BS-Changing the frequency of barrel cleaning

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  • Last Post 18 August 2018
joeb33050 posted this 12 August 2018

 

Changing the frequency of barrel cleaning
I have cleaned barrels every 12 shots, and never. I have cleaned barrels frequently, in hopes of seeing an accuracy change, with no reliable results. I last cleaned my BSA Martini 22LR during the Carter administration, and it shoots great. I watch Anschutz $3000 rifle shooters clean very often.

 

Threshold: Clean when you feel the urge.

 

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RicinYakima posted this 12 August 2018

For one season I pushed one patch of Ed's Red and one dry patch at the end of the day. Next time I shot three foulers in the dirt and went for record shots. But I use a lot less lube than most folks, just the band ahead of the gas check. And the cleaning is just to clear the ground glass from the primers and A2400 residue a couple of inches in front of the throat.

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pat i. posted this 13 August 2018

I used to watch Tom Gray clean the bejesus out of his barrel during a match. I would have gladly told him he was using the wrong lube, wrong alloy, or wrong techniques if he wasn't waxing my arse with a gun shooting 2400 fps long before 2400 fps 1/2 groups were a common occurance on the internet. That's why I'm so adamant about asking people to shoot in a match if they're gonna tell other people everything they're doing is wrong for accuracy and their way's better. Its easy when it doesn't require proof. Might make me sound like a %$@€? but I have a lot of Missouri blood in me.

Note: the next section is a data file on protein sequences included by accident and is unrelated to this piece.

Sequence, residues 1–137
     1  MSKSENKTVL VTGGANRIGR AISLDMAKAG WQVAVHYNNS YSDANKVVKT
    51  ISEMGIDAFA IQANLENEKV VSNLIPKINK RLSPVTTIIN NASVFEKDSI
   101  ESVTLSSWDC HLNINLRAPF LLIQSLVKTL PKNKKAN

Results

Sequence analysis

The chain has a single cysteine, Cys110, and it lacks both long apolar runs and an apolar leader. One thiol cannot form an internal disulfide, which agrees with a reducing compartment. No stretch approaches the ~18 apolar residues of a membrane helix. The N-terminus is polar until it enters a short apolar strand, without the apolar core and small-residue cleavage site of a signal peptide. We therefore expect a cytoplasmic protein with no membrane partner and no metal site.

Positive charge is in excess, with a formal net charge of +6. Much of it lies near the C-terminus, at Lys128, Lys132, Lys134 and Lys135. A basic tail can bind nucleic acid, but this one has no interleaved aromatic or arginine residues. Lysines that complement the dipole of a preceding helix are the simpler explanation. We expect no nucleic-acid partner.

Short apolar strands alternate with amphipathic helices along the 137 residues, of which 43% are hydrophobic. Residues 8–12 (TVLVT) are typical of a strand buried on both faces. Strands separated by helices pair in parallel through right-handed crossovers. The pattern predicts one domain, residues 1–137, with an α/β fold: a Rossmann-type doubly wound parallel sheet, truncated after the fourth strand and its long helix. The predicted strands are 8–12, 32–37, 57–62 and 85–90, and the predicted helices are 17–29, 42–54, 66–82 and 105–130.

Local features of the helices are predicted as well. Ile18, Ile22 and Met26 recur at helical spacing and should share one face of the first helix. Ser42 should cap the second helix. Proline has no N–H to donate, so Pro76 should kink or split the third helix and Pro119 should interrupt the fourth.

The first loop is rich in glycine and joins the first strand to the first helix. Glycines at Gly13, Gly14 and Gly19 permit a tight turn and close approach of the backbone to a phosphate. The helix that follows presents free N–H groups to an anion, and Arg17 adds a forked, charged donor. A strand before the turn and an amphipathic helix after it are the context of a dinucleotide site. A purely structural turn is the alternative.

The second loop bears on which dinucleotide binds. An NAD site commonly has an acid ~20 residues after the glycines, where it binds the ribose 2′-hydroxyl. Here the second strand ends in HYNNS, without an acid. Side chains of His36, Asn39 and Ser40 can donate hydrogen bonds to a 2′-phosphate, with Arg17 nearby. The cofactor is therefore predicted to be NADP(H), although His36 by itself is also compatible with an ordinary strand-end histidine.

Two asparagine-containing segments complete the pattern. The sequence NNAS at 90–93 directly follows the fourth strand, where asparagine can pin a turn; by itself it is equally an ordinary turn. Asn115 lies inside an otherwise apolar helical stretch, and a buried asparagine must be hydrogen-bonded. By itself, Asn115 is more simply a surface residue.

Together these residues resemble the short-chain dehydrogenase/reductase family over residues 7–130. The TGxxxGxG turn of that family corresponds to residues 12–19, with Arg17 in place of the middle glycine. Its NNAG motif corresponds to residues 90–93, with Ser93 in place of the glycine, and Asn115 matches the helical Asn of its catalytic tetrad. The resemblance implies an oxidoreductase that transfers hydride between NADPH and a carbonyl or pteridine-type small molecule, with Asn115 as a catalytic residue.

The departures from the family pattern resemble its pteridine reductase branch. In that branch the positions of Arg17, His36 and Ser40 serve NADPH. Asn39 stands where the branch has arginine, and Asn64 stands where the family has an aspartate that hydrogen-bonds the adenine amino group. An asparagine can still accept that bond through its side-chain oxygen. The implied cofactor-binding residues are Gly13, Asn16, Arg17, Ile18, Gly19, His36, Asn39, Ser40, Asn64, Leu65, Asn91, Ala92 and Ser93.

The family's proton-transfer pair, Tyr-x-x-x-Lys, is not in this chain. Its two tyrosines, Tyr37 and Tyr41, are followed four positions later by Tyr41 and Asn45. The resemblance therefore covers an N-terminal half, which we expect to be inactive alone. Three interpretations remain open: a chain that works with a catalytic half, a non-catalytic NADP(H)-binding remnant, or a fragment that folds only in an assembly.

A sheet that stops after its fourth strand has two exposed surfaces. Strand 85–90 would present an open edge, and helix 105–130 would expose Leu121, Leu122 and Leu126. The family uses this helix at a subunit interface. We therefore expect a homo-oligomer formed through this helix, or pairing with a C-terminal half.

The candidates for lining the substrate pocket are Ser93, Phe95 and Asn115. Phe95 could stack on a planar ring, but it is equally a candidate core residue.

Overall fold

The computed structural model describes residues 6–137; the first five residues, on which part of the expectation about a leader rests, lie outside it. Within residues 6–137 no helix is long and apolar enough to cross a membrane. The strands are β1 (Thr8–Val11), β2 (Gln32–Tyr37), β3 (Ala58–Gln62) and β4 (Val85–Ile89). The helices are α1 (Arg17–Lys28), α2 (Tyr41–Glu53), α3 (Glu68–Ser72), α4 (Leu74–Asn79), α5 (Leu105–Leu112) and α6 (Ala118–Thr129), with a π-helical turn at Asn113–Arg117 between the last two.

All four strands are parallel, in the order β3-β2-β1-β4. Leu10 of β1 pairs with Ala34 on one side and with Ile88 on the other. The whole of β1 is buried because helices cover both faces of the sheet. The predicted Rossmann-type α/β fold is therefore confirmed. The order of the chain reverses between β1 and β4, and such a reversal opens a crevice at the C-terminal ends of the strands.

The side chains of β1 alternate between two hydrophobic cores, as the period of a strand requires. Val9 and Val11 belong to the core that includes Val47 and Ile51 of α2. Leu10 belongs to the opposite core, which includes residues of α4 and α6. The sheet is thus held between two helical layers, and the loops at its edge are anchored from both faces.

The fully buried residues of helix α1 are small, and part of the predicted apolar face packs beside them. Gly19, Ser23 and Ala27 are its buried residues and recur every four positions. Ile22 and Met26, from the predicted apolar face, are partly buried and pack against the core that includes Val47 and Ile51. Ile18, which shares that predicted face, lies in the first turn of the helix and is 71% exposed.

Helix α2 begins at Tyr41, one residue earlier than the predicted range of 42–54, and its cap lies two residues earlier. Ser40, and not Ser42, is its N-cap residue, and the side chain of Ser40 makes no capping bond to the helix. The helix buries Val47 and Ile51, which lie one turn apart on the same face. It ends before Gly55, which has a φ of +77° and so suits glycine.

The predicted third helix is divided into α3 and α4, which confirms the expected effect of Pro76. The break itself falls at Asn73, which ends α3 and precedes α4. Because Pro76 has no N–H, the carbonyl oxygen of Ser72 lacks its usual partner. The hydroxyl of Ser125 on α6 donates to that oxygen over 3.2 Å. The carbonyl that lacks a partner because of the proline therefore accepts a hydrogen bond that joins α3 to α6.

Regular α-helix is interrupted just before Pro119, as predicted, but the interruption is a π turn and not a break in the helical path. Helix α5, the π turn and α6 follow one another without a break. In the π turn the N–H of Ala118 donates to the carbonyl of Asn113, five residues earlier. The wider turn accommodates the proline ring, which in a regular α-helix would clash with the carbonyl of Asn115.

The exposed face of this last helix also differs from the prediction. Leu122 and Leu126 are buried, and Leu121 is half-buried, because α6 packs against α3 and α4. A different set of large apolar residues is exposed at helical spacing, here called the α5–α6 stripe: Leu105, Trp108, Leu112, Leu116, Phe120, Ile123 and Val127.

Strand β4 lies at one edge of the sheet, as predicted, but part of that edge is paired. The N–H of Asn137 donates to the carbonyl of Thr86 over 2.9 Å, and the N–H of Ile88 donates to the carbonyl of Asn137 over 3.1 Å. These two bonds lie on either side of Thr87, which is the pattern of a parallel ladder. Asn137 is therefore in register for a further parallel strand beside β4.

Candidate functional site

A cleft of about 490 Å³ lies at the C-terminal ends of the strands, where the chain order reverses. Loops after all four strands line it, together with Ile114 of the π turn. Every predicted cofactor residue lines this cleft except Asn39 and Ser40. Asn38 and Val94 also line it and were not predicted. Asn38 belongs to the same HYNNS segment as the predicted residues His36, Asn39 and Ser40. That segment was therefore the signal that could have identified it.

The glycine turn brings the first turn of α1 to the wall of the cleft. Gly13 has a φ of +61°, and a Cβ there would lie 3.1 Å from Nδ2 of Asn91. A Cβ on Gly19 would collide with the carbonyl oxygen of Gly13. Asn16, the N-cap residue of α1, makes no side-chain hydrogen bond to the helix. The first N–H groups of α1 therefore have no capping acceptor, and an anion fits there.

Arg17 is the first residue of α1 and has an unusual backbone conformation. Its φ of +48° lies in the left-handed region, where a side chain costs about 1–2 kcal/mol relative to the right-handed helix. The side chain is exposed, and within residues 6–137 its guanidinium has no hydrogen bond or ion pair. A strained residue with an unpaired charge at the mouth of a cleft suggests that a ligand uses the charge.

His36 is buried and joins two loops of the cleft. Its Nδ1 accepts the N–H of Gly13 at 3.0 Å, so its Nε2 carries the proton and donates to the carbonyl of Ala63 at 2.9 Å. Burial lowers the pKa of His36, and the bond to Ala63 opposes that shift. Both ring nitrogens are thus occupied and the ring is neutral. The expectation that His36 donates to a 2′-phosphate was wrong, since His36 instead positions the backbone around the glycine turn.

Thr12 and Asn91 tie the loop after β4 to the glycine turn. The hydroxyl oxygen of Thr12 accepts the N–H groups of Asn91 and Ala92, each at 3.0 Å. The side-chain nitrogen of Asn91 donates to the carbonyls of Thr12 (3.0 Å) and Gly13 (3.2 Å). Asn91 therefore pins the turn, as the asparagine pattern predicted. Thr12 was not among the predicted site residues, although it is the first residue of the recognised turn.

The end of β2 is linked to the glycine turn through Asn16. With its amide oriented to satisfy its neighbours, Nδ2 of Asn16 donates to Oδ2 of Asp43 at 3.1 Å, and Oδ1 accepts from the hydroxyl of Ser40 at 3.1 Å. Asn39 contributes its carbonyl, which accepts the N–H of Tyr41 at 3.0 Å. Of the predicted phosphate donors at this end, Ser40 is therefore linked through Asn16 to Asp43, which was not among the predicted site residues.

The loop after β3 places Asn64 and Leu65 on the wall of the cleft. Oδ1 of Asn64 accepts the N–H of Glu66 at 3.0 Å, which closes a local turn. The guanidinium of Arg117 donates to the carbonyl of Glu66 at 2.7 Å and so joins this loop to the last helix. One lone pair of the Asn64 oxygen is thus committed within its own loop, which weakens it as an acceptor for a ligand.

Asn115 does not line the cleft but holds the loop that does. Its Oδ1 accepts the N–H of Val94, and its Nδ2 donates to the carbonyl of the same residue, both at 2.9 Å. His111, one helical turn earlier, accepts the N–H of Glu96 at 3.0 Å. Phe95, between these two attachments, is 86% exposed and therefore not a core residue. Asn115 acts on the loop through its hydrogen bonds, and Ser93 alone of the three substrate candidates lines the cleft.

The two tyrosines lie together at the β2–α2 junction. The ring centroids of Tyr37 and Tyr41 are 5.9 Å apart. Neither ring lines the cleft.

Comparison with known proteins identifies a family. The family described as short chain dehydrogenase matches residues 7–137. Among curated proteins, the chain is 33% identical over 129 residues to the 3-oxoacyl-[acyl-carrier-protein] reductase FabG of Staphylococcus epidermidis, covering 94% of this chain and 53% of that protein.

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RicinYakima posted this 13 August 2018

I agree with Pat. If you don't shoot in matches, I don't believe you. Shoulder to shoulder competition under the same conditions is the only "proof". Grey #24 is still my go to lube for match bullets! But I am down to my last 10 sticks.

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dbarron posted this 14 August 2018

Roger that. And there's nothing like completely stinking the place up and totally embarrassing one's self to provide MOTIVATION.  Unfortunately some of us need frequent applications of same. Certainly we don't want it.

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Bud Hyett posted this 14 August 2018

Shot the Regional this weekend using the  Shilen barrel .25-20: using one ring of SPG lube on the NOE  25-120-FN. Cleaned at the end of the group matches and the end of the score matches. The lube left a small, dark lube star on the muzzle about one-quarter inch wide. The star was soft and cleaned off easily with a towel.

The first shot out of the barrel was not on paper after the cleaning, but each subsequent shot was on the paper. The grease star started forming with the first shot. There is no leading.

At the end of the match, I clean thoroughly and then run twp patches with Kroil through for a preservative in the barrel.